The kit includes a set of masks, so I started out by masking the windscreen and rear side windows prior to gluing them in place. Unfortunately, as others have noted about this kit, these masks are the weakest link, with not nearly enough adhesive. As a result they did not stay in place easily, even with repeated burnishing. Still, I made the best of it, and after masking them off I glued them in place. A quick airbrushing of interior green over those parts to provide the inside color, and I was set to paint the rest of the model.
As I had noted, new color research has clarified the colors used on the Swedish P-51B, which works out to where RLM 65 and FS 34079 are very close matches for the underside and topside colors, respectively. So I grabbed my Vallejo ModelAir paints and in no time at all I had the model painted up. I masked off the exposed flap and radiator scoop sections and painted them silver, and painted the spinner white. A gloss coat and this model was ready for decals on the outside.
The Moose Republic decal sheet is superb, with outstanding research and high-quality decal printing by Cartograf. As the first J 26 in Swedish service, it was given the serial 26001, which was painted in white on the rear fuselage. The Swedish roundels were in all the usual spots, and the F 16 wing number was on the fuselage behind the roundel. Finally, there is a white D on the tail. It is uncertain but likely that stenciling was minimal, at least initially (as P-51Ds were added to the Swedish Air Force later, common stenciling might have been added). For the first time in all my attempts at building this plane, the decals did not let me down and I finally had successfully decaled a Swedish P-51B.
The final steps included giving the model a panel line wash with AK Interactive panel liners (first time using this product, and I was impressed with how easy it was), do some detail painting here and there, and add the final pieces. These included the landing gear and gear doors (easily the best detailed I've seen in this scale), the exhaust pipes, propeller, and open canopy pieces. The latter were challenging to finish, as I had to reuse the canopy masks to paint the interior and exterior framing. With some careful burnishing, though, they turned out just fine. Some final detail painting that included the wing lights and at long last I could add 26001 to my shelves.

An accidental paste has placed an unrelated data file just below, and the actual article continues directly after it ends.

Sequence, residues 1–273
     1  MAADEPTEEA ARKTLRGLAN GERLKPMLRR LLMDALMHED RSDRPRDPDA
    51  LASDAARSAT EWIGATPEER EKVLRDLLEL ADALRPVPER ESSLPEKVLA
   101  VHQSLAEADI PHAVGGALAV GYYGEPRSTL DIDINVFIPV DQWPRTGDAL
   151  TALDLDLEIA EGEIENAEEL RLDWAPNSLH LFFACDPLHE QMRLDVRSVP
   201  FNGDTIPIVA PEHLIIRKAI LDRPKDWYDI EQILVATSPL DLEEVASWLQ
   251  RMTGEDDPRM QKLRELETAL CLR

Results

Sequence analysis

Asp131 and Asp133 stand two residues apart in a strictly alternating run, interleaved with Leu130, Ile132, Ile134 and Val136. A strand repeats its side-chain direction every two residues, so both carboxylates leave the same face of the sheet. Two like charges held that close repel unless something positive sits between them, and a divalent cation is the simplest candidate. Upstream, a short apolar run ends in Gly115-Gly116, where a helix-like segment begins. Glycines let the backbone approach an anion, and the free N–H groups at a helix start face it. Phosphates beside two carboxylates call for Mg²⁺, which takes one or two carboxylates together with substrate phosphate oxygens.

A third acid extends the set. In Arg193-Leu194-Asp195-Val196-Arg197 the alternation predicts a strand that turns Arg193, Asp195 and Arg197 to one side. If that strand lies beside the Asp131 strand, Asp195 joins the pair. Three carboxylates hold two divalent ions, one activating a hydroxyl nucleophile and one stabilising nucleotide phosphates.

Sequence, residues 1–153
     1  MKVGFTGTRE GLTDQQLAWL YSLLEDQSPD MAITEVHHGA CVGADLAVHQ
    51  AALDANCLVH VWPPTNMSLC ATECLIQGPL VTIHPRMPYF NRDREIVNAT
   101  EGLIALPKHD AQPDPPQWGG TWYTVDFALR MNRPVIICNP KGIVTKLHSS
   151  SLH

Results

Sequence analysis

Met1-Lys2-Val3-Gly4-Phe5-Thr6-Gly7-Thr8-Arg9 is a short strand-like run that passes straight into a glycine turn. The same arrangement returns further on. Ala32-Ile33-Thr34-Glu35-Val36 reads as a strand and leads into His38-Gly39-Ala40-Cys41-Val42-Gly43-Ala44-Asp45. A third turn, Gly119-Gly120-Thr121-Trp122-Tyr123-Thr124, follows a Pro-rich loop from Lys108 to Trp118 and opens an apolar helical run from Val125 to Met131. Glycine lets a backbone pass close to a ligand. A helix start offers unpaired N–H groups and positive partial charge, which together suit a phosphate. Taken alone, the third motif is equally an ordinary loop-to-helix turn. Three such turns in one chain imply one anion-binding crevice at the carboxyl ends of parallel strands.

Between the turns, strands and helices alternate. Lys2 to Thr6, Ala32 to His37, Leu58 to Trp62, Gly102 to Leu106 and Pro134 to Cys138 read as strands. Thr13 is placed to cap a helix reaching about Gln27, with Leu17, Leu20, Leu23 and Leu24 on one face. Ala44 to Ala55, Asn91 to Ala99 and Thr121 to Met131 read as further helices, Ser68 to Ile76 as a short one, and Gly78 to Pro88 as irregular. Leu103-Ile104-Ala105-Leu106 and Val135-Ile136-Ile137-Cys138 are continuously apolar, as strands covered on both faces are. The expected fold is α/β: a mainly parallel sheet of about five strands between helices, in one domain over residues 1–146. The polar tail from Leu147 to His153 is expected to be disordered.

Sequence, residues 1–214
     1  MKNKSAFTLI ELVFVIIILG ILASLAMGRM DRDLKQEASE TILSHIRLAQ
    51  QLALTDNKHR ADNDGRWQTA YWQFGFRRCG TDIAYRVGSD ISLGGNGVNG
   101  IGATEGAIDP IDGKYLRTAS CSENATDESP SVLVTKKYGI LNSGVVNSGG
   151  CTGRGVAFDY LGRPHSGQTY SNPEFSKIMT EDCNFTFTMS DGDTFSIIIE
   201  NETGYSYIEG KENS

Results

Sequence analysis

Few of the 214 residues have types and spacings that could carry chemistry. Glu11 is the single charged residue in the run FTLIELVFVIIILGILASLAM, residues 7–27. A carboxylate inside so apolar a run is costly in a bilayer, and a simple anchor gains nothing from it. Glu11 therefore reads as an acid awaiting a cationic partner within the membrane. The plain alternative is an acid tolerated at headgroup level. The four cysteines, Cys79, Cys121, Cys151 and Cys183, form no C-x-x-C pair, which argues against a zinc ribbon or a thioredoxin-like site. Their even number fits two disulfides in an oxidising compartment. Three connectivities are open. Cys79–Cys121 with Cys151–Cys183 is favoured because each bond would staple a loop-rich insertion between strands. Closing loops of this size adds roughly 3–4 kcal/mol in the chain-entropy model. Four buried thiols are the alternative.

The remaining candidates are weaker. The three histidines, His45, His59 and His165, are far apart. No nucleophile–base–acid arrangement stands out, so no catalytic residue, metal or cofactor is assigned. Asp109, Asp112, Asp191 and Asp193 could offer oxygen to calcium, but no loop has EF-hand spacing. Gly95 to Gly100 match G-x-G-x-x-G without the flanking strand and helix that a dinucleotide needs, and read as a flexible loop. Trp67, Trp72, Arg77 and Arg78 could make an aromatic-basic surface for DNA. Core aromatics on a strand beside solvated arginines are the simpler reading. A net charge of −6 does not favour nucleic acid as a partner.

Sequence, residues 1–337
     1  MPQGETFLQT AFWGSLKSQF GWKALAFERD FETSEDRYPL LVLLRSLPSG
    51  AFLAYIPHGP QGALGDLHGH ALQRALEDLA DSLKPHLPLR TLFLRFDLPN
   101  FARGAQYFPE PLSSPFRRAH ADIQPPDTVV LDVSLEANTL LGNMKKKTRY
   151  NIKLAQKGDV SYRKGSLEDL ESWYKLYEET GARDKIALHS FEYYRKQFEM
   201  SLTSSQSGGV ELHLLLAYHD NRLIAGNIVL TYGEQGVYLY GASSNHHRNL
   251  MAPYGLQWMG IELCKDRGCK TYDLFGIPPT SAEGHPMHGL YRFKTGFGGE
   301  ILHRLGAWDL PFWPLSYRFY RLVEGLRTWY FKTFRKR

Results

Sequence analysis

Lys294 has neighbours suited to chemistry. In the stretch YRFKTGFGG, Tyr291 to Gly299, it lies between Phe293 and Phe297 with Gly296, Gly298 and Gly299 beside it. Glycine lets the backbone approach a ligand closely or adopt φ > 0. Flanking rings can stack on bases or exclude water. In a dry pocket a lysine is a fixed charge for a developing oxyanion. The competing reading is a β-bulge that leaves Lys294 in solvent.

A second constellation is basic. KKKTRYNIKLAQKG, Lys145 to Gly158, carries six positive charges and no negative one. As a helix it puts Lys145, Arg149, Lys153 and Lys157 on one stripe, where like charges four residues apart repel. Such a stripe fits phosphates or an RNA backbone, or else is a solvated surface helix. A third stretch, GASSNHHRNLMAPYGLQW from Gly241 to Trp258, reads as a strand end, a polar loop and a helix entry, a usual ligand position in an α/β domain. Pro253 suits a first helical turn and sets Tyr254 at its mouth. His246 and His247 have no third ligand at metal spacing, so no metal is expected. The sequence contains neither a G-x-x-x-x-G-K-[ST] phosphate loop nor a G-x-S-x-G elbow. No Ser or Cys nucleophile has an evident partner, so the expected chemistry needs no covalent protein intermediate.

Back at the beginning, I mentioned that I ran some timers on building this model, and the final results paint an interesting picture (pun intended). The total time spent on the build, start to finish, was 20 hours, 24 minutes. Three and a half hours were spent airbrushing, almost three hours of decaling, and about an hour and a quarter each for general detail painting and masking. With an hour of weathering, almost half of the total project time was spent on painting and finishing. Given the excellent engineering of this kit and incredible detailing, this is not a surprise, and it was a thoroughly enjoyable build as well.
Having built many a P-51B over the years (mostly Hasegawa kits), I had thought that after this Swedish one was built I'd be done with the B model. But the enjoyment of this kit has me rethinking that and searching out some new marking potential for the kit. As the Arma Hobby kit comes with the reconnaissance F-6C option, I can see one or two of those making their way onto the workbench as well. My thanks to Arma Hobby for both the review kit and for producing the model in the first place. I am really looking forward to their new releases (which they just announced a new-tool 1/72 Ki-84 Hayate, so time to dig out those Japanese references!).